We tend to associate the banishment of websites, social networks, and apps with developing countries led by autocratic regimes. Chat apps, which allow users to communicate via smartphone over the internet rather than through a carrier network as with SMS, have become the latest target.
The rationale behind censoring chat apps is often tied to security; if criminals can’t securely communicate with each other, then it becomes much harder for them to commit crimes.
In November 2015, Bangladesh banned the use of Viber, WhatsApp, and Facebook on “security grounds.” The Bangladeshi government didn’t say exactly why it implemented the ban, but observers say it was either in response to the shooting of an Italian priest - an act claimed by terrorist group ISIS - or to maintain order after the Bangladeshi Supreme Court upheld two death sentences for political leaders.
But it isn’t just developing countries like Bangladesh latching onto this trend. UK Prime Minister David Cameron proposed a complete ban on strong encryption, then doubled down on his stance in the wake of the recent attacks in Paris. Specifically, he took aim at WhatsApp, iMessage, and Snapchat. Encryption has become a topic of debate among politicians and presidential candidates in the US, too, ensuing in a tug-o-war between Washington and Silicon Valley tech companies that fight in favour of their users’ civil liberties.
When it comes to chat apps, encryption allows only the sender and intended receiver to read the messages sent between them. Snooping third parties who may intercept these communications, be they hackers or law enforcement, cannot decrypt the messages without either the private encryption key or extremely high-powered computing resources to break the encryption by brute force. Even if a government has those sorts of resources, it can’t possibly decode and police every message being sent back and forth between all users in an efficient manner.
WhatsApp, Facebook Messenger, Viber, and iMessage are among the many messaging apps that encrypt messages between users. They do so on the grounds that private user info should remain private, even to law enforcement. In a 60 Minutes report, Apple CEO Tim Cook defended iMessage’s use of encryption, saying, “There have been people that suggest that we should have a back door. But the reality is if you put a back door in, that back door’s for everybody, for good guys and bad guys.”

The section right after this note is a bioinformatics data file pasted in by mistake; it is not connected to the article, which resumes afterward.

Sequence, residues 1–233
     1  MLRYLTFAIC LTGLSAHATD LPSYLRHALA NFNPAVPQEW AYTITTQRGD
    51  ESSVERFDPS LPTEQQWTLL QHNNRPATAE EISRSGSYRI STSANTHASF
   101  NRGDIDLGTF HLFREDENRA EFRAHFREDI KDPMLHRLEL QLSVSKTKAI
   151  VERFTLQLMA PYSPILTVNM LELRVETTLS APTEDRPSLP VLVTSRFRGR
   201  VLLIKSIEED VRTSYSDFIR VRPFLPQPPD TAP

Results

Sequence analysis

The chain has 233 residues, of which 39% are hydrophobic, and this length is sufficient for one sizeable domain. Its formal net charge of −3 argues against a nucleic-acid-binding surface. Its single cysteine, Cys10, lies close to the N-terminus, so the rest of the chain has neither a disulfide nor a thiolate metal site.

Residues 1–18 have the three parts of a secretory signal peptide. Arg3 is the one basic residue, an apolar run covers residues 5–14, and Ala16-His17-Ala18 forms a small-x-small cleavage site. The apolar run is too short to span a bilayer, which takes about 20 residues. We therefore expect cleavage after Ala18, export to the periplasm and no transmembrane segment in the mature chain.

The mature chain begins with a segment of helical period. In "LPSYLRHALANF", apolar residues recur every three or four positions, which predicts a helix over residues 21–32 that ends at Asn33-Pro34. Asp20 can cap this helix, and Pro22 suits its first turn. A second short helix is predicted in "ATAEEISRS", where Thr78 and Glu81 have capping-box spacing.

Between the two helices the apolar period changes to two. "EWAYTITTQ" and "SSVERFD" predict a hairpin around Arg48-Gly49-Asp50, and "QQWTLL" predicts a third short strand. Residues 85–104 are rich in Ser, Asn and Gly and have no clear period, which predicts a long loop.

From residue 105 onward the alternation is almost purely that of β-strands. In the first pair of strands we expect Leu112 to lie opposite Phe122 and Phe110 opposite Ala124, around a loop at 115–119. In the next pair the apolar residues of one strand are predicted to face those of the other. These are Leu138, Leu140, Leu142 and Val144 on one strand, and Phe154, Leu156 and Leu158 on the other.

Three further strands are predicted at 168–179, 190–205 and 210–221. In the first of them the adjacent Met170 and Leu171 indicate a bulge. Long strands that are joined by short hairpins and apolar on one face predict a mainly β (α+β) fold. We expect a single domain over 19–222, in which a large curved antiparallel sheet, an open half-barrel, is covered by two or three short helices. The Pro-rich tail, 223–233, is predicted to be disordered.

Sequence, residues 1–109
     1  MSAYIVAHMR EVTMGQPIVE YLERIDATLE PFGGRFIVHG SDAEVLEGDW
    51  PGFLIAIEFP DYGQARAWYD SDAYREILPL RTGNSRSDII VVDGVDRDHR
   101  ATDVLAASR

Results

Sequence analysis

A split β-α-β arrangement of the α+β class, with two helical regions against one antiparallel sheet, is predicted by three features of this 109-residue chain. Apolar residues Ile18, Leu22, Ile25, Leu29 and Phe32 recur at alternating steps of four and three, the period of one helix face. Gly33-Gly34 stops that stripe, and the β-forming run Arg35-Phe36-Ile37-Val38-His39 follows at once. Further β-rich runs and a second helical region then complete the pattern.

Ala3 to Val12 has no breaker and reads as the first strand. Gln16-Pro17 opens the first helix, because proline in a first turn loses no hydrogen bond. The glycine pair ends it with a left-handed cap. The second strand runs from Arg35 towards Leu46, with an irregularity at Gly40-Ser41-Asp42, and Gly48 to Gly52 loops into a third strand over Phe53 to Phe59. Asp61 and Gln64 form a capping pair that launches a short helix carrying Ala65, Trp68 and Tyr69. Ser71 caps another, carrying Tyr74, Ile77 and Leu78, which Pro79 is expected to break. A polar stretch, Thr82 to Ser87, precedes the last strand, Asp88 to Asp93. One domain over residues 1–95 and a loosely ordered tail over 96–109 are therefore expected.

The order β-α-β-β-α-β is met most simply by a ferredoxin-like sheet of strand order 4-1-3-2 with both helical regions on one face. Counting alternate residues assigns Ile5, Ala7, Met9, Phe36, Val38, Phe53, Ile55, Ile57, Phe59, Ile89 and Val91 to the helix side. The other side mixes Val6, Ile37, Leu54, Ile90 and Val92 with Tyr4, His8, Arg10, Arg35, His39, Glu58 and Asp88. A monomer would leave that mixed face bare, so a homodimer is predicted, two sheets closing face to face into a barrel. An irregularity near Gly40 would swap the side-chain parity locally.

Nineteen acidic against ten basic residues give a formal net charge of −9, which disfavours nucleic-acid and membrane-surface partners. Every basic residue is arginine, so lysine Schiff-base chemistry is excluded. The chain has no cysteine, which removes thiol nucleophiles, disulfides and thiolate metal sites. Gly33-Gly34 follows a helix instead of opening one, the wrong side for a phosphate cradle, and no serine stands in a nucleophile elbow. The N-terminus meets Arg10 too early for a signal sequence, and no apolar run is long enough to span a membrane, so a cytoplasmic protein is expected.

Security is the biggest argument against chat app encryption today, but it isn’t the only one. A month after the Bangladesh ban, Brazil instated a 48-hour shutdown of WhatsApp, the country’s most popular chat app. Brazil law enforcement didn’t cite any imminent acts of terrorism or impending loss of public order. Instead, the injunction came as a result of business interests. Mobile carriers in the country complained that users favored WhatsApp over traditional SMS text messaging, which cut into their income. The legal tactic didn’t work, though. Rather than resorting to SMS, Brazilians instead flocked to Telegram, a WhatsApp competitor. The cry from Brazilian telecom companies has been echoed by mobile carriers worldwide, though the more forward-thinking among them have opted to include popular chat apps in their subscription plans.
Then, of course, there’s outright censorship. As the line between social networks and chat apps starts to blur, countries with a history of censorship take aim at the latter just as they did the former. In China and Vietnam, for example, Western social networks have long been blocked from public view as a way to smother dissent and safeguard the official narrative. China has the most technologically robust censorship system in the world, known as the Great Firewall, which blocks WhatsApp, Facebook Messenger, and Line, among many others. Encrypted chat apps allow citizens to communicate quickly and free of government supervision, which threatens order and the ruling party’s power. China’s most popular chat app, WeChat, is not encrypted. It is therefore heavily monitored and frequently censored by authorities.
In any of the above cases, users can circumvent bans with proxies and VPN software. A VPN, or virtual private network, masks a user’s IP address and true location while also encrypting all internet traffic, making everything the user does online effectively anonymous.
With economics, security, and censorship working against them, chat apps that can be considered private are beset on all sides. They do, however, have a source of power to fight back against oppressive regimes, antiquated Telco’s, and fear-mongering politicians: their users. WhatsApp, the most popular chat app in the world, boasts 800 million users worldwide.
Whether chat apps are banned or give into pressure requiring back door access for law enforcement depends on the enthusiasm (and apathy) of their users. The companies behind these apps must raise awareness and support about the threat to privacy posed by even well-intentioned government interference should they desire to exist in their current form.
Arthur Baxter works in Network Operations at ExpressVPN
Image Credit: Shutterstock/Digital Storm